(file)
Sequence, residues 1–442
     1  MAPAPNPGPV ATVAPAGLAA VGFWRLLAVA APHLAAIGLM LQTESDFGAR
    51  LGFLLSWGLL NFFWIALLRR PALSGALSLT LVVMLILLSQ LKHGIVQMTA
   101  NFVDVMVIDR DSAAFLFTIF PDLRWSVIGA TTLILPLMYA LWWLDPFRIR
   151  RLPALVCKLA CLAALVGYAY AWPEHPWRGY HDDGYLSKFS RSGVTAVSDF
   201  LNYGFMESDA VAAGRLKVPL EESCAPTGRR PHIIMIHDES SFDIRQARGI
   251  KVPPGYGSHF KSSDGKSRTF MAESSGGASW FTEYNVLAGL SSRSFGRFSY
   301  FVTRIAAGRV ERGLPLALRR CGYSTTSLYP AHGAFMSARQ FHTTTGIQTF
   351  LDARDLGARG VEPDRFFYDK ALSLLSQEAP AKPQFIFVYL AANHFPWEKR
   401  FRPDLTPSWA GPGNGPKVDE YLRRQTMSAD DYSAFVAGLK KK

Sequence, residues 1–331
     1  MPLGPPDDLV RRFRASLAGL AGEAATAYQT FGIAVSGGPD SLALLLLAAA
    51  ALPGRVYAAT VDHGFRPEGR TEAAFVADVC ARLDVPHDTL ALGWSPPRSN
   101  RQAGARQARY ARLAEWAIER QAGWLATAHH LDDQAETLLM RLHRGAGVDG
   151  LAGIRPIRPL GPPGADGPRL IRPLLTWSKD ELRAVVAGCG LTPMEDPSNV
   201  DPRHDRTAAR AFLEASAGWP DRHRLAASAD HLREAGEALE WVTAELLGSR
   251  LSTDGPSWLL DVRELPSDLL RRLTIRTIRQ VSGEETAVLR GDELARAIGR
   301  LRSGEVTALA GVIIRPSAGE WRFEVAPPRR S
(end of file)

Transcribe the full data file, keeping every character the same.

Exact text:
Sequence, residues 1–442
     1  MAPAPNPGPV ATVAPAGLAA VGFWRLLAVA APHLAAIGLM LQTESDFGAR
    51  LGFLLSWGLL NFFWIALLRR PALSGALSLT LVVMLILLSQ LKHGIVQMTA
   101  NFVDVMVIDR DSAAFLFTIF PDLRWSVIGA TTLILPLMYA LWWLDPFRIR
   151  RLPALVCKLA CLAALVGYAY AWPEHPWRGY HDDGYLSKFS RSGVTAVSDF
   201  LNYGFMESDA VAAGRLKVPL EESCAPTGRR PHIIMIHDES SFDIRQARGI
   251  KVPPGYGSHF KSSDGKSRTF MAESSGGASW FTEYNVLAGL SSRSFGRFSY
   301  FVTRIAAGRV ERGLPLALRR CGYSTTSLYP AHGAFMSARQ FHTTTGIQTF
   351  LDARDLGARG VEPDRFFYDK ALSLLSQEAP AKPQFIFVYL AANHFPWEKR
   401  FRPDLTPSWA GPGNGPKVDE YLRRQTMSAD DYSAFVAGLK KK

Sequence, residues 1–331
     1  MPLGPPDDLV RRFRASLAGL AGEAATAYQT FGIAVSGGPD SLALLLLAAA
    51  ALPGRVYAAT VDHGFRPEGR TEAAFVADVC ARLDVPHDTL ALGWSPPRSN
   101  RQAGARQARY ARLAEWAIER QAGWLATAHH LDDQAETLLM RLHRGAGVDG
   151  LAGIRPIRPL GPPGADGPRL IRPLLTWSKD ELRAVVAGCG LTPMEDPSNV
   201  DPRHDRTAAR AFLEASAGWP DRHRLAASAD HLREAGEALE WVTAELLGSR
   251  LSTDGPSWLL DVRELPSDLL RRLTIRTIRQ VSGEETAVLR GDELARAIGR
   301  LRSGEVTALA GVIIRPSAGE WRFEVAPPRR S